Black levels tend to be extremely weak, though, and much of the shadow detail remains crushed in those smears of an anemic gray. This leaves the image looking rather flat and lifeless, although I do suspect that this was a deliberate stylistic choice. The opening titles as well as fades to black are still deep and inky, and the lush, vibrant excerpt
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shown of a movie based on one of Ting-Yin's novels boasts an outstanding level of depth and dimensionality. I'd suggest going into Re-Cycle knowing that it isn't conventional home theater eye candy, but this is a visually striking film, and the crispness and detail benefit greatly from the additional resolution that Blu-ray has to offer.

Re-Cycle is presented in its original aspect ratio of 2.39:1, and the video has been encoded with AVC.

Audio: Re-Cycle's original Cantonese soundtrack is offered in both traditional Dolby Digital 5.1 as well as in lossless DTS-HD Master Audio. It's a rich, full-bodied soundtrack, backed by a score with a remarkably resonant low-end. The sound design fleshes out an unsettling atmosphere -- ominous tones and footsteps skittering from one speaker to the next, swirling voices, creaking wood and metal in a dimension of abandoned ideas, and the roar of the recycle event as it devours entire worlds. The mix opens up to reflect the scale of the armies of the undead that swell with each dimension Ting-Yin steps into, and some stretches -- particularly a parade of lifeless bodies plummeting to the ground like hail -- wouldn't be nearly as unsettling as they are without this six-channel sound design. This is a wonderful soundtrack, and it's appreciated that Image went to the effort of ensuring it'd be presented in a lossless format.

Strangely, at least one of the actors looks like his lines have all been clumsily looped; the lip movements of Ting-Yin's former lover are slightly out of sync with the actual dialogue. I didn't notice this with any of the other actors in the film. Also, it's frustrating that the only English subtitles are captioned for the deaf and hard of hearing. There really should've been a second subtitle stream; as it is now, the track is riddled with distracting messages like "[GEARS WHIRRING]", "[BEEPS]", and "[TYPING]". Owners of constant image height projection rigs should note that the subtitles do spill over into the letterboxing bars. Subtitles are also offered in Spanish, and there are no dubbed soundtracks this time around.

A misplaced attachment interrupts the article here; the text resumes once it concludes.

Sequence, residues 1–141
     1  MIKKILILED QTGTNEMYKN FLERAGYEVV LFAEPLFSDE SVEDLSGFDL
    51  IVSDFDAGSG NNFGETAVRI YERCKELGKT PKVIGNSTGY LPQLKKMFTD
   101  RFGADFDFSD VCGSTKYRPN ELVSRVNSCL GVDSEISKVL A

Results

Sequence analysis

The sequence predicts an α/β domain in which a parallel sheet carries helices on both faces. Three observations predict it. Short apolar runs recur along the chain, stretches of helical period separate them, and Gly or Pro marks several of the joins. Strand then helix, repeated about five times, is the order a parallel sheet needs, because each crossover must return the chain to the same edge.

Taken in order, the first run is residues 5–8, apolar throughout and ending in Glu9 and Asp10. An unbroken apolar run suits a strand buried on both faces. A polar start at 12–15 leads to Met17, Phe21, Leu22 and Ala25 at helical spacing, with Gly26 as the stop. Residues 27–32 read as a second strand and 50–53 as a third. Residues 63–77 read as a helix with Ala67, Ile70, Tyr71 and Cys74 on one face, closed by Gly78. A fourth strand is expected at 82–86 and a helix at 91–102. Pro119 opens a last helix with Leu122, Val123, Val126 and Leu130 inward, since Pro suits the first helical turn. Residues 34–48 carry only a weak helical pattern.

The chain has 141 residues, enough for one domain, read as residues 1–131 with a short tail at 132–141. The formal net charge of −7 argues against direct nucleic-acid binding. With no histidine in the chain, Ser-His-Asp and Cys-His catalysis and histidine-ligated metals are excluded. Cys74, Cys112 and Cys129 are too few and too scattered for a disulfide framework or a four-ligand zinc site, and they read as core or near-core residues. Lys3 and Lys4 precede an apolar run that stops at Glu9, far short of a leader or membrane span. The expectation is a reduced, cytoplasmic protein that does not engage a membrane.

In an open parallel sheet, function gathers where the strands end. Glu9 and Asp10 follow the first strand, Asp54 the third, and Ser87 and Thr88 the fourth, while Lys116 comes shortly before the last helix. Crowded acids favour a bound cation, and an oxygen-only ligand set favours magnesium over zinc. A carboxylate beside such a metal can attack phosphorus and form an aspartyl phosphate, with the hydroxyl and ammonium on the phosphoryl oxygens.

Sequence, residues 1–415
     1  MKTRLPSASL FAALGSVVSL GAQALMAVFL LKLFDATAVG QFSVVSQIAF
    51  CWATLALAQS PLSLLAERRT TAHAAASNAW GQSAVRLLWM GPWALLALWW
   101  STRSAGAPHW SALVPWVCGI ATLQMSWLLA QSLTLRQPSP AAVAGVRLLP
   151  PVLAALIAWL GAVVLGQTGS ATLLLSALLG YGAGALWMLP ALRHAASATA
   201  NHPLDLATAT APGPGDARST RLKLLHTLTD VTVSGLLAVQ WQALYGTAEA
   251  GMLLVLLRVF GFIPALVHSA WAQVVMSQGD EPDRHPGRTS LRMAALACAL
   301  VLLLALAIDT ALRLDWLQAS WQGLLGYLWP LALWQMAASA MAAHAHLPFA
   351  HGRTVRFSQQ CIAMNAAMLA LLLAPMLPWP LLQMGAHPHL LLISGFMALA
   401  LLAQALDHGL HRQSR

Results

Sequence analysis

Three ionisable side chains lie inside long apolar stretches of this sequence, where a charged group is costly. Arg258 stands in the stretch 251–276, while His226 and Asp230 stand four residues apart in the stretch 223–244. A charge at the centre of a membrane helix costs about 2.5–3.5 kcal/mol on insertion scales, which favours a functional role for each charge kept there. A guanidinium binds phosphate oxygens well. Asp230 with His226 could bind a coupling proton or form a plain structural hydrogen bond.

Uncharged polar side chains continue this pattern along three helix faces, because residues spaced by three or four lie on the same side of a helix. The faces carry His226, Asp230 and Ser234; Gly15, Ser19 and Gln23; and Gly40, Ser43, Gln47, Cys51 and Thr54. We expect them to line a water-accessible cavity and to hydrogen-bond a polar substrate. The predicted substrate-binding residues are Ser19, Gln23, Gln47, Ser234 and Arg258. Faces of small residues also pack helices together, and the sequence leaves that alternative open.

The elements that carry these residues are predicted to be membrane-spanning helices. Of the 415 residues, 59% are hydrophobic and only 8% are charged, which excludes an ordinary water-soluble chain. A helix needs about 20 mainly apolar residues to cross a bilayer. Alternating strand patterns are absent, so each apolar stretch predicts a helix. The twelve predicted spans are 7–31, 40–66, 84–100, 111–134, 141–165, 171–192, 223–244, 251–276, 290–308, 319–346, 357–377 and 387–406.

Extras: Re-Cycle features the same set of extras as Image's DVD release, and these six features are presented again in standard definition.

"Making of Re-Cycle" (16 min.) compiles a handful of short interviews, touching on how the film predominately expresses its story through its visuals, the daunting scale of the digital effects work and the challenges it presented for the cast and crew alike, and what the movie's title is meant to represent. Interviews
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are also the central focus of two of the disc's other extras. A Q&A session (8 min.) fields questions about the use of color to distinguish each setting, the emotional impact the Pang Brothers aimed for, what some of the dreamlike backdrops are meant to represent, and the relationship that was struck between Angelica Lee and young Zeng Qi Qi during the shoot. Footage from the film's premiere in Hong Kong and celebrations of its colossal success (16 min.) tend to have more of a lighter, more promotional bent, chatting about whether or not the cast was scared during the shoot and what the most difficult aspect of putting the film together must've been.

Also included are nine minutes' worth of deleted scenes. The bulk of them are brief extensions to the first act in and around Ting-Yin's apartment, including one attempt at snapping a picture of an elusive spirit with a camera phone. Only the final scene, which is set against the backdrop of a world of abandoned photographs, features any dialogue. A minute and a half montage runs through the different stages of some of the effects work, from the raw green screen on the set to unpainted models to fully polished renders. A trailer -- complete with English voiceover -- for the movie's American release rounds out the extras.

Conclusion: Re-Cycle is a hauntingly beautiful fantasy, striking an unusual but engaging balance between In the Mouth of Madness, What Dreams May Come, and flourishes from some of the Pang Brothers' other ghostly horror movies. I think it's better viewed as an experience rather than any sort of coherent story, but Re-Cycle is a movie that's well-worth discovering on Blu-ray. Recommended.